Countries can reduce demand for fossil fuels in a variety of ways, from technology-driven reductions in energy intensity across the economy to developing cost-competitive renewable substitutes to forced rationing (e.g., government-created scarcity on the demand side). Any of these lower the price for oil and gas—though they also lower the price at which renewables have to be cost-competitive, creating new difficulties for any clean up energy transition. But cutting production would mean catastrophic energy scarcity, or “taking the world back into caves,” in the memorable words of Al Jaber.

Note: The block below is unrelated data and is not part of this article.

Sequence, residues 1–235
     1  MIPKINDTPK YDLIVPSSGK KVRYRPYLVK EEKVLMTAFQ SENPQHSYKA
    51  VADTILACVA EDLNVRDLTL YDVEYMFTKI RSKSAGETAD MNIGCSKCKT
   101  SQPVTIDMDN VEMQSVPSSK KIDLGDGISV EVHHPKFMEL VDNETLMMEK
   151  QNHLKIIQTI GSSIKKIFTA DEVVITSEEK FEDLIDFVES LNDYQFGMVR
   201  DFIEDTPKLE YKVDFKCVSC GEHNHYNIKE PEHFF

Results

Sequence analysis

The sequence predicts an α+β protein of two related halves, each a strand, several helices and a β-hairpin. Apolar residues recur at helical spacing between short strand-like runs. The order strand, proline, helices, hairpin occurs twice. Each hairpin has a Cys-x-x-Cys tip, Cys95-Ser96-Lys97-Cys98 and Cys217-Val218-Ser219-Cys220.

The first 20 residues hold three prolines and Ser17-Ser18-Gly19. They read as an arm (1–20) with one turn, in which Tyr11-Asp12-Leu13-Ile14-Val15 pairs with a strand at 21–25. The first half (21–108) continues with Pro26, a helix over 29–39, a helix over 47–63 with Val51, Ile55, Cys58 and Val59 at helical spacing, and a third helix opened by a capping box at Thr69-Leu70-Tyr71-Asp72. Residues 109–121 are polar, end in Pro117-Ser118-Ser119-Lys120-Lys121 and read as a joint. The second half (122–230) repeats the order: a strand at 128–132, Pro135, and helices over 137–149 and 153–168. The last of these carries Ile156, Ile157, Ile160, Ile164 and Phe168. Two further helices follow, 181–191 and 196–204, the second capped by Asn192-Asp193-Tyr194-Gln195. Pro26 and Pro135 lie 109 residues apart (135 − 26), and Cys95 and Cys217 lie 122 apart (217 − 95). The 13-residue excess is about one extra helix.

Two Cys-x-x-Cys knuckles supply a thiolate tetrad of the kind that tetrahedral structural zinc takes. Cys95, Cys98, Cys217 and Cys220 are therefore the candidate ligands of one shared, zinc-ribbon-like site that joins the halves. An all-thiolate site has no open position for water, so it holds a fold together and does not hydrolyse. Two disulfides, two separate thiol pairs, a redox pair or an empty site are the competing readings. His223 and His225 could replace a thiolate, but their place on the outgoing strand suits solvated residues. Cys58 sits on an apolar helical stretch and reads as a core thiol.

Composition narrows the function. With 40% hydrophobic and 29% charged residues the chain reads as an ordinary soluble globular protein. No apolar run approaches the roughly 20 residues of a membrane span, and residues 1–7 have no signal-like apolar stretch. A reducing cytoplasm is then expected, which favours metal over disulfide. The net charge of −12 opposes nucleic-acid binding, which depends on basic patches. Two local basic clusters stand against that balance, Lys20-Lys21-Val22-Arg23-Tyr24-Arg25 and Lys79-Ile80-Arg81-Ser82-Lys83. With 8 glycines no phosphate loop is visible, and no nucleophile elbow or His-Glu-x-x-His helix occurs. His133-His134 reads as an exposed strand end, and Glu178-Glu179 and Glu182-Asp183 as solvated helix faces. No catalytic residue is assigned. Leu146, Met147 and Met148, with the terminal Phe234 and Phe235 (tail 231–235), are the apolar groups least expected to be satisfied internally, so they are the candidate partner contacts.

Getting the IEA Back on Track

Whether the Conference of the Parties will agree to create an energy crisis, as some of the proposals would certainly do, remains to be seen. One thing we know for sure is that such an agreement would be totally contrary to the mission of the IEA.

The IEA’s original purpose included development of alternative energy sources. But that was in order to protect against future oil shocks, not to create a transition to alternative sources at the risk of an oil shock.

The U.S. has the lion’s share of voting rights on the IEA’s Governing Board. Those voting rights should be used to fire the current executive director and replace him with somebody who will stick to the IEA’s actual mission in the real world.